Sunday, July 12, 2015

New music by Bunch creates chuckles at CMNW concert – along with music by Lang and Mozart

Tara Helen O'Connor, Yekwon Sunwoo, Kenji Bunch, David Shifrin, and Fred Sherry | Photo by Tom Emerson
Chamber music (heck, classical music in general) needs a little levity now and then. So, it was refreshing be at Kaul Auditorium on Monday (July 6) and hear a brand new piece, Ralph’s Old Records,” that was lighthearted from the get go. Written for “Pierrot” ensemble by Portland-based composer Kenji Bunch, “Ralph’s Old Records” was inspired by the popular tunes that Bunch’s father, Ralph Bunch, enjoyed, such as the popular jazz music of Hoagy Carmichael and Spike Jones. As a kid, Kenji Bunch also enjoyed listening to his dad’s favorites, and his “Ralph’s Old Records,” commissioned by Chamber Music Northwest, channeled those memories.

The first number, “Chi-Chi Hotcha Watchee Stomp” was a loosey-goosey, bouncy affair that featured a wild solo by clarinetist David Shifrin. In the second piece, “Celestial Debris,” pianist Yekwon Sunwoo sprinkled chords a la “Stardust” while Shifrin’s clarinet wandered about in a breezy aimless fashion. Next came “I Didn’t Hear Nobody Pray” with fiddle-style passages from violist Bunch, pips from the flute/piccolo of Tara Helen O’Connor, wails from Shifrin, a wheezy tone from cellist Fred Sherry, and punctuation marks from Sunwoo. “When I Grew Too Old to Dream, Dream, Dream, One More Dream Came True” was stocked with shenanigans that included kazoo, penny whistle, store counter bell, and Shifrin making fun noises with his clarinet mouthpiece. In “Off to the Foxes," Shifrin created some Benny Goodman-like licks while Sunwoon added Liberace-esque flourishes from the keyboard, and the entire ensemble came together perfectly for the slow stuttering fortes that created a lot of suspense in the last few measures of the piece. A rip-roaring standing ovation ensued.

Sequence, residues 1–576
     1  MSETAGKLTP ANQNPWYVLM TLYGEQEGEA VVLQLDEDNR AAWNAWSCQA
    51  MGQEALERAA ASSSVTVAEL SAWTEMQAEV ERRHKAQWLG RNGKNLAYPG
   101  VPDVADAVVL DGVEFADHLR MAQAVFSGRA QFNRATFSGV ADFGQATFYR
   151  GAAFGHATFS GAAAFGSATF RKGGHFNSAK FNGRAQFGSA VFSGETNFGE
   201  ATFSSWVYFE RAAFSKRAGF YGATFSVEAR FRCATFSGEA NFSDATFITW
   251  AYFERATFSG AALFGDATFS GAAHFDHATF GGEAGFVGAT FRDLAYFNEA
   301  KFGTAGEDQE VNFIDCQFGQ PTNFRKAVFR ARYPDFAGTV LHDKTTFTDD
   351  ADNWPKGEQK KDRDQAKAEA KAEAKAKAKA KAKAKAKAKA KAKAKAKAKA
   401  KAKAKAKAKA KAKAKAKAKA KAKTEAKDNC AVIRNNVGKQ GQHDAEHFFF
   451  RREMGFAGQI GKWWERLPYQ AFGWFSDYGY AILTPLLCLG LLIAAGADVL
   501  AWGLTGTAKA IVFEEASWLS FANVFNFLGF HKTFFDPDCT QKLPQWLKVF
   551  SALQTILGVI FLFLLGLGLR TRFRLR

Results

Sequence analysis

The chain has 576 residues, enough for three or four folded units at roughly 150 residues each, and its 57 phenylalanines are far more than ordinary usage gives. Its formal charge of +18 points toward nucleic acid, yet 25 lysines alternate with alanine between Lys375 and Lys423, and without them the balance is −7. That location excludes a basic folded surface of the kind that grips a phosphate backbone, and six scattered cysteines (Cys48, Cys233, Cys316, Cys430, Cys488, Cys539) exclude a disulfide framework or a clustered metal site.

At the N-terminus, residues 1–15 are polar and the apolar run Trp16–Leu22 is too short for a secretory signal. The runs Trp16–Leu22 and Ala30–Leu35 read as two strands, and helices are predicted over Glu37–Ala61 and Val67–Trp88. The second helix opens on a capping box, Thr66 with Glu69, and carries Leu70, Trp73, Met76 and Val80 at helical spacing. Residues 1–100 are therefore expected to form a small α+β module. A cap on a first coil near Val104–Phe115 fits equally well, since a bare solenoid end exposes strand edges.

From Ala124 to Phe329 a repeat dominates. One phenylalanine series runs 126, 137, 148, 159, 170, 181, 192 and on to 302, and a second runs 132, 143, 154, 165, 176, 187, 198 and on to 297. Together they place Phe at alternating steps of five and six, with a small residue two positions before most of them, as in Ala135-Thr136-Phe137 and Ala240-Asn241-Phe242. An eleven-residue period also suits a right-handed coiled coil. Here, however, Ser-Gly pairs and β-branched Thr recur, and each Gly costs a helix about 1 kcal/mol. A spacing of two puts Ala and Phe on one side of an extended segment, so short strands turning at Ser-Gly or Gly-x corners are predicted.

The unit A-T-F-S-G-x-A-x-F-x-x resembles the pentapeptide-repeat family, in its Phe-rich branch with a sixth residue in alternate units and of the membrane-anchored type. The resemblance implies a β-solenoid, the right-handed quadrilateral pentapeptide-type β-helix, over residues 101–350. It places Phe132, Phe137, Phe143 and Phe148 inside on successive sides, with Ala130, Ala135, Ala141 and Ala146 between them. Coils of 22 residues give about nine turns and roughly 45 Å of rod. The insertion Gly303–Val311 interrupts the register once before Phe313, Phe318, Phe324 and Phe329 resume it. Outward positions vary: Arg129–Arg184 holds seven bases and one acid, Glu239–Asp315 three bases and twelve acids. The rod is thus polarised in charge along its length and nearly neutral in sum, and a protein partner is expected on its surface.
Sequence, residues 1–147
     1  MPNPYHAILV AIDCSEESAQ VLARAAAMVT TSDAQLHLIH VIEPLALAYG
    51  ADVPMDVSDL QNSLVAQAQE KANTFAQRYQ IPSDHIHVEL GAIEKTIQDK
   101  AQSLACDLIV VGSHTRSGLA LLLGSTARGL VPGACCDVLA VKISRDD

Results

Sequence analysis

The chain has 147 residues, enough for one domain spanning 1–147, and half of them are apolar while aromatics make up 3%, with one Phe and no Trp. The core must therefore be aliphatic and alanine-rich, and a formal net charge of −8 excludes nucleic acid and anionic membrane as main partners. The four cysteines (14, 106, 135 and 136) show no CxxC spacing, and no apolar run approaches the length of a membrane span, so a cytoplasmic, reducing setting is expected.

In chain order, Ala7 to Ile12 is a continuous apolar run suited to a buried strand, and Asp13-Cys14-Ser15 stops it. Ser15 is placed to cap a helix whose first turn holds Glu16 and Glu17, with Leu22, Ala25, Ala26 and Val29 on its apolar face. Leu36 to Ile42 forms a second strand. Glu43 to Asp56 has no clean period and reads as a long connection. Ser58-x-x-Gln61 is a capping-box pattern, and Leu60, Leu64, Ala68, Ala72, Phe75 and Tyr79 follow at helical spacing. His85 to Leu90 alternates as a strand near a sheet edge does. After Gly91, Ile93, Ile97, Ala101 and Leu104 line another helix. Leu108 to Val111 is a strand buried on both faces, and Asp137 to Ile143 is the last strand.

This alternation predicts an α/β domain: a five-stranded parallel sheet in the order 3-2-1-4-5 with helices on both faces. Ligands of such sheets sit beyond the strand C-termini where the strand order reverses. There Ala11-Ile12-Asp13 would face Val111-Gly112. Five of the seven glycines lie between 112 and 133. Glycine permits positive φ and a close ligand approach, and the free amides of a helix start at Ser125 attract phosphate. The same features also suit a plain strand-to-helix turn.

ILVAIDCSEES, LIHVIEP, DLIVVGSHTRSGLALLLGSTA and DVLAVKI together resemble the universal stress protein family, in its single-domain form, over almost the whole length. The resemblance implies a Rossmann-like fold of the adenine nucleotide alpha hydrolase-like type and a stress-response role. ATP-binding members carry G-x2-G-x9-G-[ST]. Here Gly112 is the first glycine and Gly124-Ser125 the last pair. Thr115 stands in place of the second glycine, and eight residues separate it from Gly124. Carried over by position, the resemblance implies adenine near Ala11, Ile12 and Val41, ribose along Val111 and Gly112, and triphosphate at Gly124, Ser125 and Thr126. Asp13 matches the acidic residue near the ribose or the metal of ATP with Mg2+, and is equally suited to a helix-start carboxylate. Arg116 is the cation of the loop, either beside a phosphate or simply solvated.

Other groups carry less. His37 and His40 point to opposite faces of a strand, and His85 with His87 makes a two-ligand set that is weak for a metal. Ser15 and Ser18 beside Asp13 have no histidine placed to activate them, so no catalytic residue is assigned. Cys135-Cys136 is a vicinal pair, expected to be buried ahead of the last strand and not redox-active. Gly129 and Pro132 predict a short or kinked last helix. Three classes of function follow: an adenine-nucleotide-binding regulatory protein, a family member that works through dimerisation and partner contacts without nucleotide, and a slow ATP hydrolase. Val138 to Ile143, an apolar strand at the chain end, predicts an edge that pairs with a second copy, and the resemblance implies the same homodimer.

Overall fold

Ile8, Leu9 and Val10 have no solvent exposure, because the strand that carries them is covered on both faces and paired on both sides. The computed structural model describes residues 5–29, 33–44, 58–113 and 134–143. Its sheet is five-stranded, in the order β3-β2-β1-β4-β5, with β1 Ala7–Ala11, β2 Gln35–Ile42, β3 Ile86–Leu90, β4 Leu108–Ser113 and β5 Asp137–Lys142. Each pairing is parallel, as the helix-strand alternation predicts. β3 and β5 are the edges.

The program included the West coast premiere of Lang’s “almost all the time” (yes, a lowercase title), which refers to his quest to us a 10-note strand as the musical DNA of that piece. Because he came close to getting the kernel of musical DNA into each and every phrase of the piece, he entitled it “almost all the time.”

The piece, played marvelously by the Jasper String Quartet, began with mix of glass harmonica-like sounds that transitioned through a series of microtonal adjustments. It seemed that the viola (Sam Quintal) was the first instrument to break away from the musical scrum. He played three rising notes, which grew to four, and gradually to five. It gave me the feeling of someone who wanted to break free. Various members of the quartet followed that with another series of rising tones. At some point, cellist Rachel Henderson Freivogel got ahold of the line and played a series of 20 ascending tones (if I counted correctly). Violinists J. Freivogel and Sae Chonabayashi pushed things higher and higher before the concoction settled down into a sequence that seemed random and unconnected. I have to admit that I lost the thread of the piece at that point. There was not windup or grand finale. The piece just stopped. It was an intriguing number that I would like to hear again.

Mozart was known to be a party animal, and his music often floats along in a way that causes one to smile on the inside. That was part of the takeaway that I felt while listening to Mozart’s Flute Quartet No. 1 in D Major (K. 285). Flutist O’Connor, violinist Nikki Chooi, violist Paul Neubauer, and cellist Sherry gave a masterful performance. With O’Connor demonstrating astonishing breath control, the ensemble modulated effortlessly between elegant and smooth passages and effervescent ones that were perky and playful.

The probing opening commentary of the cello, the seamless exchange of phrases between ensemble members, and an excellent blend of instrumental voices were hallmarks of the performance Mozart’s String Quintet No. 5 in D Major (K. 593), which closed the concert. Violinists Daniel Phillips and Chooi, violists Neubauer and Bunch, and cellist Sherry dug into the piece, delivering the loveliest sections with dulcet tones and scampering across the animated passages with élan. A bauble or two and some slight intonation problems were the only flaws in their performance, which was enthusiastically embraced by the audience.

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